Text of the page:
Now you’ve probably heard of China’s Belt and Road Initiative (BRI) getting mentioned every now and then during discussions about Mahathir’s dealings with Beijing.
Also known as China’s New Silk Road, it’s a development strategy of sorts by the Chinese govt that aims to help countries develop infrastructure and connectivity in an attempt to improve regional connectivity to benefit both China and the country receiving the help. For example, over the years, China has helped financed at least 35 ports around the world. Think of it as China helps smol country grow, and China then gets to do trade with.
Win-win right? Well…. not exactly.
While their attempts to build ports, railways, roads and industrial hubs around the world do seem good on paper, the BRI has been heavily criticised over the years as a form of ‘debt-trap diplomacy’. Essentially, the allegation is that China or Chinese firms would finance and build these massive infrastructure programs that may cost quite a bit, only for these partnering countries to end up in debt, leaving them easily influenced by Beijing. It also probably doesn’t help that some in China are resenting the way the debt got reduced so easily by Mahathir.
“I think it sets a bad example for other projects, that China can just lower the costs. There are Belt and Road Initiative projects all over the world, so Beijing shouldn’t send the message to others that their costs can be cut in this way,” – Wang Yiwei, professor at Renmin University, as quoted by SCMP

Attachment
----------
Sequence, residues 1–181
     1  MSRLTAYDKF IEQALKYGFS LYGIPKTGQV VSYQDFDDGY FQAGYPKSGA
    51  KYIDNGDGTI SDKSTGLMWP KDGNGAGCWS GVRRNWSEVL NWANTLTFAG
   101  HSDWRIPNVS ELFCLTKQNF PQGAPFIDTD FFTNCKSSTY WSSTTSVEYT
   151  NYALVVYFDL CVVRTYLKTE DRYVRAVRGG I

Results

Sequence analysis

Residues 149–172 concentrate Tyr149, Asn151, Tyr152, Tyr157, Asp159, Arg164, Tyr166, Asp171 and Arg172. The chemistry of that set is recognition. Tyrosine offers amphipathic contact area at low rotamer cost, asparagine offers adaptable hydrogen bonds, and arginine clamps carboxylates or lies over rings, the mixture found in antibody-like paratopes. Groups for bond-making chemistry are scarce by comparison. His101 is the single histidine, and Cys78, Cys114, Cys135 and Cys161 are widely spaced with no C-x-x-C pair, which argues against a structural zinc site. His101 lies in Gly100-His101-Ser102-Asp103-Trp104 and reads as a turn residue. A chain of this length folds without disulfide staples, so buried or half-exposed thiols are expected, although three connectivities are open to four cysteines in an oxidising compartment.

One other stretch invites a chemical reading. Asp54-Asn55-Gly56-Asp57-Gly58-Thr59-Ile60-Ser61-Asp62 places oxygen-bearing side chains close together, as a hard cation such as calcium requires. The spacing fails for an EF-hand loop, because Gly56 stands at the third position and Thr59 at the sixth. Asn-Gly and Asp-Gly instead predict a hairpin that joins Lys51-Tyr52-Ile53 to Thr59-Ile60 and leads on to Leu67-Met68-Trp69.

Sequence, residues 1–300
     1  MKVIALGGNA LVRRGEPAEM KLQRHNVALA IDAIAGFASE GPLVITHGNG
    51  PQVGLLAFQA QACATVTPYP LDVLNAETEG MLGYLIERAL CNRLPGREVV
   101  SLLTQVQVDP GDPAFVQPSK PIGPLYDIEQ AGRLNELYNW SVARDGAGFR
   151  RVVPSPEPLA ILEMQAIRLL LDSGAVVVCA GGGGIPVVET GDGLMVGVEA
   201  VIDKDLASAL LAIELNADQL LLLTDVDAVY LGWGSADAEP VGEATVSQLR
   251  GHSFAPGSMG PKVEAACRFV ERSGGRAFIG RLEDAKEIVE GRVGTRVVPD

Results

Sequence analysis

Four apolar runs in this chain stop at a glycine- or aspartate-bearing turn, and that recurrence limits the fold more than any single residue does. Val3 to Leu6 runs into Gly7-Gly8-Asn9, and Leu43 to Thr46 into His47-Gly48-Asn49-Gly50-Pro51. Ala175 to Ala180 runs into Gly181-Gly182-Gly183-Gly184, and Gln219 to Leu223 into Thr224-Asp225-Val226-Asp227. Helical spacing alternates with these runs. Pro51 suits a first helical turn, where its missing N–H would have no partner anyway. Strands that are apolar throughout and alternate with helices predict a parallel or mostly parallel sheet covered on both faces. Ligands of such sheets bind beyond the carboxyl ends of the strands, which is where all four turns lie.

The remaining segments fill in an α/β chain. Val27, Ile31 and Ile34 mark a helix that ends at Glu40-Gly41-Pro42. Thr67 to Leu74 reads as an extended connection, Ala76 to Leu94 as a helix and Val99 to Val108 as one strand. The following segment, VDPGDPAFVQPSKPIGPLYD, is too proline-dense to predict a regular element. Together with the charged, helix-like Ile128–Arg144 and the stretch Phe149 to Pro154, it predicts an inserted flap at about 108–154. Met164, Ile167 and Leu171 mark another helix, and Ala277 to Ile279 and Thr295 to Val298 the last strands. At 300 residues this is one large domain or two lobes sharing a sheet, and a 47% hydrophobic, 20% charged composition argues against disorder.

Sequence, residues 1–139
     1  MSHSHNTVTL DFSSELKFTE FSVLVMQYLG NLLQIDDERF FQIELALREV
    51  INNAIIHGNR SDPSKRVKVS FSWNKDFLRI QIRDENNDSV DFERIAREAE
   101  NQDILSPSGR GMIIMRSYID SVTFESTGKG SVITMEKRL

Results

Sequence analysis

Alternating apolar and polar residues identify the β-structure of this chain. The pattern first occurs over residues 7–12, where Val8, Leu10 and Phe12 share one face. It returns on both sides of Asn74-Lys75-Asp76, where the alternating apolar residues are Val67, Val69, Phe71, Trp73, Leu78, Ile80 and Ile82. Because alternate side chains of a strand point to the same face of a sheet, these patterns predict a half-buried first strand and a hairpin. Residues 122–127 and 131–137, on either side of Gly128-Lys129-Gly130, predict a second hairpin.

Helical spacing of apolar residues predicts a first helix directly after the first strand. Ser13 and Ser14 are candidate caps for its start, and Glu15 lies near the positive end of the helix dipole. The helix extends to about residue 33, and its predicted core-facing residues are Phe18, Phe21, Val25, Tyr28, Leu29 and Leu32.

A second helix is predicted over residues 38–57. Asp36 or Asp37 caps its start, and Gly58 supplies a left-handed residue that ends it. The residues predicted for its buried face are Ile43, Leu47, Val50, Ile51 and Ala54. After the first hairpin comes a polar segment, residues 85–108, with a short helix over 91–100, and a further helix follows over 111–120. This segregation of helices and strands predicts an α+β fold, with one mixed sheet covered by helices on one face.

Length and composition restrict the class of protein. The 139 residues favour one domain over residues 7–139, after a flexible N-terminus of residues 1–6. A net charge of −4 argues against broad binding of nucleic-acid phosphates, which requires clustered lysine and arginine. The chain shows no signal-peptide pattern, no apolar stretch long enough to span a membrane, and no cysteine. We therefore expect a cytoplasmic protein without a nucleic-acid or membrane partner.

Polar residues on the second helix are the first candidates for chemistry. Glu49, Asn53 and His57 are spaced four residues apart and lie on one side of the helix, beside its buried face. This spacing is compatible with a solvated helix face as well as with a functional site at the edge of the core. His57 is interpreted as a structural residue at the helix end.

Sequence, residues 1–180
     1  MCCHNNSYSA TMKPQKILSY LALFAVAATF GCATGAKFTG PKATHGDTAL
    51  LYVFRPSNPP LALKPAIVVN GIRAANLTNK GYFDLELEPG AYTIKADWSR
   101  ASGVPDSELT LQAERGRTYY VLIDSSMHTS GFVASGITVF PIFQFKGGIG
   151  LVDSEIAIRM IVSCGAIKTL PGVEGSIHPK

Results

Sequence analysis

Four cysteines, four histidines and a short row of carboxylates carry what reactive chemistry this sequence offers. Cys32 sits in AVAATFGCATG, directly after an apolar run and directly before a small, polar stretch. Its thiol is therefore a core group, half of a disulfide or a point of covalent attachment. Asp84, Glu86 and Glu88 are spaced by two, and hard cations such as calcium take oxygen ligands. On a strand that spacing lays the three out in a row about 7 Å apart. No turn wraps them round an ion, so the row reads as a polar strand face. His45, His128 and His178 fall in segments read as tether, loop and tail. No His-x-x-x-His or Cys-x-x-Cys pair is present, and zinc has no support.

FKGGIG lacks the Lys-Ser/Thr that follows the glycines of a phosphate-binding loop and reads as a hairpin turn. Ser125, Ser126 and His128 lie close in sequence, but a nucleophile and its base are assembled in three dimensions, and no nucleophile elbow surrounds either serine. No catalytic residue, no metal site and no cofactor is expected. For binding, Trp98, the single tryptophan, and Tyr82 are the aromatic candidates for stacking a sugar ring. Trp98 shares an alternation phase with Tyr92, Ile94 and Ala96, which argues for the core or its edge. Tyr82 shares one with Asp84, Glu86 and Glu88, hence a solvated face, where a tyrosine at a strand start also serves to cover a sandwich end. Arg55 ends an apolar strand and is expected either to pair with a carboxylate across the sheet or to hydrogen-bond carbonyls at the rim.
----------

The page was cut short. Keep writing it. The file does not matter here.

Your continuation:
Now these critics might actually have reason for concern. In 2008, Sri Lanka and China began a project to build the Hambantota port in Sri Lanka. Originally, the then-president Mahinda Rajapaksa (ironic name) couldn’t get India to help him finance this port as they didn’t think it would work. Until China came along and helped them build it, with the port opening its doors to the world in 2010.
Buuuut, as it turns out, there was a reason India refused to help build the port, as no ship went there – it only got 34 ships in 2012. Rajapaksa was then voted out in 2015, but the new Sri Lanka govt couldn’t pay China back due to the debt taken on by the Rajapaksa. With not much money left, Sri Lanka quite literally gave China the Hambantota port on a 99-year-lease, plus an additional 15,000 acres of land. Scary.